As some of you already know, after my joyous yarn delivery and some serious ‘yarnerd’ fun dyeing and swatching I spent most of my weekend either dismantling things or destroying them in an effort to either fix them or ‘make them better’. It wasn’t a stellar decision. ;-?
The whole thing started with frogging back the neck on my Schnabu and re-doing the sleeves. After posting images of this on the blog and seeing how shit it looked, I determined to sort it out. I got halfway through a sleeve and then remembered how much I hated knitting these sleeves in the raspy N-80 on double pointed – or magic loop! So I put it aside. One sweater down.
Then pocket insertion on Smaug got out of control and now I have an enormous pocket that needs to be dismantled and Kitchener-ed down to size. And I HATE Kitchener stitch. So during one of the coldest weeks of our London winter, one of my warmest sweaters is out of commission. Brilliant move. It might be pooched for good. Grr. So, of course, I couldn’t stop there….and dismantled the bands and neck on Odilon. Again. That fecking neck is giving me an ulcer. Here she is in her current state with a simple i-cord bindoff: So all or nothing this time. I am making it reversible – as I originally wanted, but just couldn’t deal with as I had so many other problems with the pattern. I am also putting a zip in, hopefully, if I can order the right one online (I want 2way open ended in a colour that matches, or something even close…and that seems akin to looking for a Dodo in London. Heaven forbid you can actually find something you want – WHEN YOU WANT IT – in the shops in this city. So online ordering it will be. Fingers crossed.).
Think the zip will work a bit better visually as those chevrons will come closer to meeting at the top – as in the photo above. The way the buttonband separated the chevron in the previous incarnation bothered me as it didn’t match the back:
Also, the reversibility will be great as that crisp triangle looks fantastic as a simple pullover feature.
Sigh. So not a great knitting period.
On an upside, Sakura is being beautifully behaved and is a simple, happy knit. Only a few more gazillion miles of teeny tiny stockinette and she’ll be ready for spring! Have I mentioned I love knitting? ;-?
It is finished, and I have to say it turned out better than I expected. Here she is, my Odilon, at long last! Ok. I know it really hasn’t been all that long, a just short of 2 months that you have all been ‘listening’ to me whinge, but when you frog a project as much as I did this one it can last FOREVER mentally. (Also I got the first bit done so quickly that if there hadn’t been so many annoying problems with the pattern I would have had it done in a month!)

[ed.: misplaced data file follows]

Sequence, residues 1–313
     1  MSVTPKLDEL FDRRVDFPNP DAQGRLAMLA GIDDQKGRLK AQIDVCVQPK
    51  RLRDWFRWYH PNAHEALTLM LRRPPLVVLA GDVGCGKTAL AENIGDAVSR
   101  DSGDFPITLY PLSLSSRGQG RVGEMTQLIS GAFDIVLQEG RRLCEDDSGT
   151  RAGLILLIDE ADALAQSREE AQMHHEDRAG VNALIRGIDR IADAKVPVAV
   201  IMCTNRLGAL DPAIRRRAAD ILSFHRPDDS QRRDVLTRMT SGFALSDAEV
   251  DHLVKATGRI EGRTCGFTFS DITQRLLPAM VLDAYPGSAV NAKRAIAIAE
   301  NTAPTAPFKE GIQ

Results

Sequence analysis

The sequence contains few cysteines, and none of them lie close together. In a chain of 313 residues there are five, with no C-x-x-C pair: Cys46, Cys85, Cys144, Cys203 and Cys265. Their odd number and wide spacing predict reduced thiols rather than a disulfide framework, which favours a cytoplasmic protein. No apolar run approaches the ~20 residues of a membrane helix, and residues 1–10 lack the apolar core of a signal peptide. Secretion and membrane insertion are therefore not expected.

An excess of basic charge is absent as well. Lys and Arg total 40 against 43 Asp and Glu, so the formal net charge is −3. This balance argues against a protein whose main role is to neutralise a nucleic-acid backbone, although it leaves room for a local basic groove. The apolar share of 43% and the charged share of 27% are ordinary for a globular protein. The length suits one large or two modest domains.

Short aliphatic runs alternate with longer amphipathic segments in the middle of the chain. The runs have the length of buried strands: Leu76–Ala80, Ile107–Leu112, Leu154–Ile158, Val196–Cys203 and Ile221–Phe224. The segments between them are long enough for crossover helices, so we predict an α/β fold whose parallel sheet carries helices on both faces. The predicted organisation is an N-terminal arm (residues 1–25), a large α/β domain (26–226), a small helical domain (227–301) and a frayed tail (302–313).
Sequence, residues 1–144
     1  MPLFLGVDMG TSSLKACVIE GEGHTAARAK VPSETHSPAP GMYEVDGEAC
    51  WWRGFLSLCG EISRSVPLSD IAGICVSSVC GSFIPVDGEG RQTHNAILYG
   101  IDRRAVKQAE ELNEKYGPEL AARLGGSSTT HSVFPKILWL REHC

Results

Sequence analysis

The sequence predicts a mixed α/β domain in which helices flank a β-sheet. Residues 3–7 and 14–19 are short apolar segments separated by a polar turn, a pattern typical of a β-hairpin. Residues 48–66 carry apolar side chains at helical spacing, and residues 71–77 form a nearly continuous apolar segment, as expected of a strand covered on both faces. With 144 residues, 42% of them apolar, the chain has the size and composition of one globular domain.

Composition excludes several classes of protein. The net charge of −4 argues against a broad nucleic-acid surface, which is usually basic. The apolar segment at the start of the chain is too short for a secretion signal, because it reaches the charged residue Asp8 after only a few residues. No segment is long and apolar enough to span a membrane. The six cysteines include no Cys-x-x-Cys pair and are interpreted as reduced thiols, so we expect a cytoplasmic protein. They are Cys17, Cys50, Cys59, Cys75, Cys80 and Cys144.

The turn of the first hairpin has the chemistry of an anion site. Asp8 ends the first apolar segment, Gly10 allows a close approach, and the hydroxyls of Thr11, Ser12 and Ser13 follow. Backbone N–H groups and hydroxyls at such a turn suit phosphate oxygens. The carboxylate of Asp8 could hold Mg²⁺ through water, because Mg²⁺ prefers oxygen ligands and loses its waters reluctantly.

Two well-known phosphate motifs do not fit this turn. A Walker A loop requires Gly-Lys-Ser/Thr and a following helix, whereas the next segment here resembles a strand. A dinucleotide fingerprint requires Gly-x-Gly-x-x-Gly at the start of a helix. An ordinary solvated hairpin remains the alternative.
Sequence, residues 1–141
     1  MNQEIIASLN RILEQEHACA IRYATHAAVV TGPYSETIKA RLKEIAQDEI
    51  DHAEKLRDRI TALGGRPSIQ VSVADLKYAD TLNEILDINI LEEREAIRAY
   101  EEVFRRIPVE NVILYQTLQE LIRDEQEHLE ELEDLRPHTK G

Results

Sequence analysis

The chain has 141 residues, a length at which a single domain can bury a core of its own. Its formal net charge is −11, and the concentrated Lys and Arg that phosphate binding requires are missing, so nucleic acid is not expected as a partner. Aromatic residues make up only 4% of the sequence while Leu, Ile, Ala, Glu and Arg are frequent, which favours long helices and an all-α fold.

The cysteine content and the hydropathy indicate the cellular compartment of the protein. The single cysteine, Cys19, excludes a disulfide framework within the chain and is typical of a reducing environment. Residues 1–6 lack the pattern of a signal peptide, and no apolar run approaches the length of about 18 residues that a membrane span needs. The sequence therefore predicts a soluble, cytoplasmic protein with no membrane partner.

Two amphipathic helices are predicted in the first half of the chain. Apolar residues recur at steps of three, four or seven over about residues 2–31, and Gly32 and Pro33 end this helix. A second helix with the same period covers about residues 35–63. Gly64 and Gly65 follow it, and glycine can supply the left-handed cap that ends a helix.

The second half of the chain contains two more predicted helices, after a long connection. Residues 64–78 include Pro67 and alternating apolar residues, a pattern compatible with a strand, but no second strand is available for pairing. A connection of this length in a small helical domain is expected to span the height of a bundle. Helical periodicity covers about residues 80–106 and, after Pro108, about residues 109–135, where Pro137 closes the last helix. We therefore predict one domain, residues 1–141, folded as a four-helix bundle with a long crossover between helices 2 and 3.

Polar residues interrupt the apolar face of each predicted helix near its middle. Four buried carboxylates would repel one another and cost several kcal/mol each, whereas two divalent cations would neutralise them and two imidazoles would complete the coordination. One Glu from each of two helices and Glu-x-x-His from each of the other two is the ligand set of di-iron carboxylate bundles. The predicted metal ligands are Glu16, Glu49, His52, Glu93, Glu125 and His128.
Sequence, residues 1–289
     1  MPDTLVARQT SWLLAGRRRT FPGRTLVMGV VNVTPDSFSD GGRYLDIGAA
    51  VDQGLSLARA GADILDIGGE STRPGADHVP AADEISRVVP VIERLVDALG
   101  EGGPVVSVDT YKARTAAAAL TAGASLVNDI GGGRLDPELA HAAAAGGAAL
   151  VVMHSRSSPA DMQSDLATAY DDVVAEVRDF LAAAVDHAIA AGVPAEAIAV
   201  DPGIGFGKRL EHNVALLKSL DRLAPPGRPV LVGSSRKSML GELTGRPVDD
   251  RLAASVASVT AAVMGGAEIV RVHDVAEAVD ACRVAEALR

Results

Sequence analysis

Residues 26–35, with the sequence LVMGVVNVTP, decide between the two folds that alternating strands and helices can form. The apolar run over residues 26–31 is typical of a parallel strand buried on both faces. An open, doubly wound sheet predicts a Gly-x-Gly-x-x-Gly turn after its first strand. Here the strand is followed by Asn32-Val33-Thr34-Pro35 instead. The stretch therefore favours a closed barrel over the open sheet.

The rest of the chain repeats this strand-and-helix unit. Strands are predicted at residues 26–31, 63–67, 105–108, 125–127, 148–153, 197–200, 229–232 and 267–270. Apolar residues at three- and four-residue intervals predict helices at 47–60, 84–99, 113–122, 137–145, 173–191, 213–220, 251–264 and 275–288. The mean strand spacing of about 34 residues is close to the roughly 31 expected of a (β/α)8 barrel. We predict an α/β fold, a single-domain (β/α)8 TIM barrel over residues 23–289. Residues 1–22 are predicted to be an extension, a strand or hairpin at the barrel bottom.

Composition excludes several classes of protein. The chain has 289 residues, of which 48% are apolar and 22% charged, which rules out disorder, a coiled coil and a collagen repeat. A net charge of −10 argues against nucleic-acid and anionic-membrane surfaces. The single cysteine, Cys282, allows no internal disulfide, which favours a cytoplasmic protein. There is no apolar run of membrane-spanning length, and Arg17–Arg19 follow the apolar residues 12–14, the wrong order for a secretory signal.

I redid the body without the shaping and am much happier with the fit. It still looks like it comes in at the waist, but it is actually dead square! This is the batch of Rowan Purelife Organic DK that I ‘tub’ dyed for this project and LOVE the yarn. A slight crunch and actually quite a bit more of a dense strand than I would have thought. The stitch definition is just divine for all those crossed stitches… …and I love the way I ran the chevron right down into the ribbing on this attempt (if I do say so myself!). That said, I feel the yarn is actually better suited for stitch patterns that aren’t reverse stockinette, as it doesn’t bloom quite enough to give an even fabric in that stitch – see all the little stripes of unevenness in the shot above? (Especially on the sleeve right above the chevron). Likely just me and tension problems, but the stockinette side looks much better: There are a few other little things that still bother me – the front neck is still a titch high. I should have taken it back a bit lower when I took the fecking high collar off. And there is a little jog in the raglan where the increases turn to decreases from where I redid the neck. Neither of these things are noticeable unless you are really scrutinising, though. Final negative – and this is nothing new – the bloody buttonbands gave me the usual runaround.